Annie is determined to clear her name, and Max is equally determined to help. He finds this at least as interesting as any of the other careers he’s tried, and his ability to locate Annie on the island is proof of his persuasive information-gathering skills. The two need to uncover the dirt Eliot had on all other writers at the meeting. Everyone has a dark secret, but someone wants to make sure that his or her secret goes to the grave unshared.
The mystery book theme running throughout is one of my favorite aspects of Death on Demand. Carolyn Hart references more authors than I could count but does so in a way that shows her genuine knowledge of and appreciation for the genre, much like Annie’s. The description of the bookstore alone was enough to hook me. The children’s room includes not just Nancy Drew and the Hardy Boys but also Joan Lowery Nixon’s fantastic YA mystery novels. She knows all the sub-genres, from true crime to romantic suspense. During the course of the book she mentions not just current best-selling authors but past pens often neglected, like the Little sisters, or Leslie Ford, or the Lockridges. It’s an aficionado’s dream.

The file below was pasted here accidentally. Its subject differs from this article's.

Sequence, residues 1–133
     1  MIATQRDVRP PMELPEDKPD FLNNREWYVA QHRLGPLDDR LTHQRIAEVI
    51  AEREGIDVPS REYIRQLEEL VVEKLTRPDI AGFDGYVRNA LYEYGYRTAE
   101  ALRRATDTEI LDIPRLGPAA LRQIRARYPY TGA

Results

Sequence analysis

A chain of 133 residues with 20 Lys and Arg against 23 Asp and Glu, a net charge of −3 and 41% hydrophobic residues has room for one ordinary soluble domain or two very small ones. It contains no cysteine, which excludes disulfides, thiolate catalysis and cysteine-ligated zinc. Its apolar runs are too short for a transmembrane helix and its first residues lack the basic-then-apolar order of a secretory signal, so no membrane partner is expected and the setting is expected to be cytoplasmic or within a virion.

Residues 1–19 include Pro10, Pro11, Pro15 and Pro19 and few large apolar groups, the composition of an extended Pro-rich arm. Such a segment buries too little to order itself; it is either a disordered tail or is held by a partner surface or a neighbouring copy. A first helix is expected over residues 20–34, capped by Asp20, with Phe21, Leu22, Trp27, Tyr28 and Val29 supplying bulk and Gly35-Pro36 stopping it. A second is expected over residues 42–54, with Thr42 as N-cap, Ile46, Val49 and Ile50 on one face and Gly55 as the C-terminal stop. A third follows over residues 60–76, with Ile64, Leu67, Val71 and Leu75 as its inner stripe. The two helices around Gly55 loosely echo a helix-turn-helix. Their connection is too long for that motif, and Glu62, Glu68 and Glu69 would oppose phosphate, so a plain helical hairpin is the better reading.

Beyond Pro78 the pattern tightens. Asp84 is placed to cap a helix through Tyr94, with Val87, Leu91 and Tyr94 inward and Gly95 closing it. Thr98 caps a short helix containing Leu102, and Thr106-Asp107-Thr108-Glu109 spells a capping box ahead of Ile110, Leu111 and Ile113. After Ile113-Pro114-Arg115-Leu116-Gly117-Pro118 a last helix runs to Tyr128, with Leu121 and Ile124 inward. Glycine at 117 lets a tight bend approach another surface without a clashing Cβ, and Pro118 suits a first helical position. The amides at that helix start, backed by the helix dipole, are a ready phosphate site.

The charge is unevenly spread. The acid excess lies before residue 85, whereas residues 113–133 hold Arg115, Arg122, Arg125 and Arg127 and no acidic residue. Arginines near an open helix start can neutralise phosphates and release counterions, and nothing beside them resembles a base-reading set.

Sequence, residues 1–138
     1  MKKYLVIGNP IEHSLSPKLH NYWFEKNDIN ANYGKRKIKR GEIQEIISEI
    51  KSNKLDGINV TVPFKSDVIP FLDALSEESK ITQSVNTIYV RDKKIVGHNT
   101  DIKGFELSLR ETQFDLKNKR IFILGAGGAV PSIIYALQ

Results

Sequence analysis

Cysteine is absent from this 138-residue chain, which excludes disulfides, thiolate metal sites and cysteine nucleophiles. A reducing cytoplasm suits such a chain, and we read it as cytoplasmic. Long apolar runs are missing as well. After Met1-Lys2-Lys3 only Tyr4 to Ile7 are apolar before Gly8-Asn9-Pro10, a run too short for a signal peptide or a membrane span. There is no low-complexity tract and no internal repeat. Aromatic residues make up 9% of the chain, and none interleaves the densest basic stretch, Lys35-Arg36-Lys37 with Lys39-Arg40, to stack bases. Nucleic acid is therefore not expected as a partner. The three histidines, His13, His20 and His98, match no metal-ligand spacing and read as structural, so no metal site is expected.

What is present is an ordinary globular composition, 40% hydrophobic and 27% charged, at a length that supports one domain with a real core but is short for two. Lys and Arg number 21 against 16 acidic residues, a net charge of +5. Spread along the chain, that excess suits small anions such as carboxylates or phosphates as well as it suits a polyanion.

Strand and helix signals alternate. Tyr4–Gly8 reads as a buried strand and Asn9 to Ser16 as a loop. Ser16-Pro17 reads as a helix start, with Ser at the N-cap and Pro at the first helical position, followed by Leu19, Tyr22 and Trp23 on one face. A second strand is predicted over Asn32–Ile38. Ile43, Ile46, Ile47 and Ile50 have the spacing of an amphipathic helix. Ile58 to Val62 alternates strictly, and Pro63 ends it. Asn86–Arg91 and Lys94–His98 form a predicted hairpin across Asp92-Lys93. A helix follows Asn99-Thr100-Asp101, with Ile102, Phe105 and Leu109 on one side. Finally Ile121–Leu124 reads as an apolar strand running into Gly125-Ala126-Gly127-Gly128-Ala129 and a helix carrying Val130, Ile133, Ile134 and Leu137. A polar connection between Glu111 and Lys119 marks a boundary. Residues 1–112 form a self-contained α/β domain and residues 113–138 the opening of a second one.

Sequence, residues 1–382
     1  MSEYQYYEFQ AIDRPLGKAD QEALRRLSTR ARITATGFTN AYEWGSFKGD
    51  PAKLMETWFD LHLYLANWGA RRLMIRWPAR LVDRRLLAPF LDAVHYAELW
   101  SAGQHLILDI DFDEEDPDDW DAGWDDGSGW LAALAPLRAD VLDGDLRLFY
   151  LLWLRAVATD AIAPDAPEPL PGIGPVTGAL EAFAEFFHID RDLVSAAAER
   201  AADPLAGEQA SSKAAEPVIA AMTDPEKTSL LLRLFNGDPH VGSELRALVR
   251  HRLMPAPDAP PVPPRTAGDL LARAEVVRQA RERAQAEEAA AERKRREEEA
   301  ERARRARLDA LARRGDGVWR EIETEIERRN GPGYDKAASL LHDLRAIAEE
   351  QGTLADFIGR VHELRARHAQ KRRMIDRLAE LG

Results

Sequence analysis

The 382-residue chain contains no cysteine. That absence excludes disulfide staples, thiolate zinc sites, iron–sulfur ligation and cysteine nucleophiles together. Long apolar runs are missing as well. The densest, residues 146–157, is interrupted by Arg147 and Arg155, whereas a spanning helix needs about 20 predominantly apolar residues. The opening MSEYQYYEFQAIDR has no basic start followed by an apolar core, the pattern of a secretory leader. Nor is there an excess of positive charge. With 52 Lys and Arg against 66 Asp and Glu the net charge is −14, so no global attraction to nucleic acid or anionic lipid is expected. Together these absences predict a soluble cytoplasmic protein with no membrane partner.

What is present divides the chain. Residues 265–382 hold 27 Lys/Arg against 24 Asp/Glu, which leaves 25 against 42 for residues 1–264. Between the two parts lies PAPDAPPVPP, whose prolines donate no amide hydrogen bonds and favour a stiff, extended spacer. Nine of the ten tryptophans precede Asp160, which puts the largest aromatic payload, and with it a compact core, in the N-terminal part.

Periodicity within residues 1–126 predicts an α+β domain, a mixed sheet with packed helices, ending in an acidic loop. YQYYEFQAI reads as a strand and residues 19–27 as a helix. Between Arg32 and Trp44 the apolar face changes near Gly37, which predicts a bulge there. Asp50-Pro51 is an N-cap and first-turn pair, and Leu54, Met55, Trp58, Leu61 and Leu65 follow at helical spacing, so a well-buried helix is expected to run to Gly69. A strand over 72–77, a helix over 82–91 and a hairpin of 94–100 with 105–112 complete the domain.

Referencing a lot of famous and established mystery authors might make some critics scrutinize the story itself more closely, but Carolyn Hart proves that she is capable of being classed with them. Her characters are well-rounded and interesting, and the intriguing mystery plot actually has substance. I struggle sometimes to find quality mysteries, ones that are more cerebral than psychological or forensic. Death on Demand fits the bill perfectly. It’s a variation on the locked room theme with a good dose of investigation, not always legal, and Carolyn Hart keeps the latter from descending into the comical.